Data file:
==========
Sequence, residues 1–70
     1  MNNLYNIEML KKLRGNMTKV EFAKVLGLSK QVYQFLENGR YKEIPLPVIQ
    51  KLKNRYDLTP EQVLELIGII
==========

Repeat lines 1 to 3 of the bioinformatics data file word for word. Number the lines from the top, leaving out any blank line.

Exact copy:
Sequence, residues 1–70
     1  MNNLYNIEML KKLRGNMTKV EFAKVLGLSK QVYQFLENGR YKEIPLPVIQ
    51  KLKNRYDLTP EQVLELIGII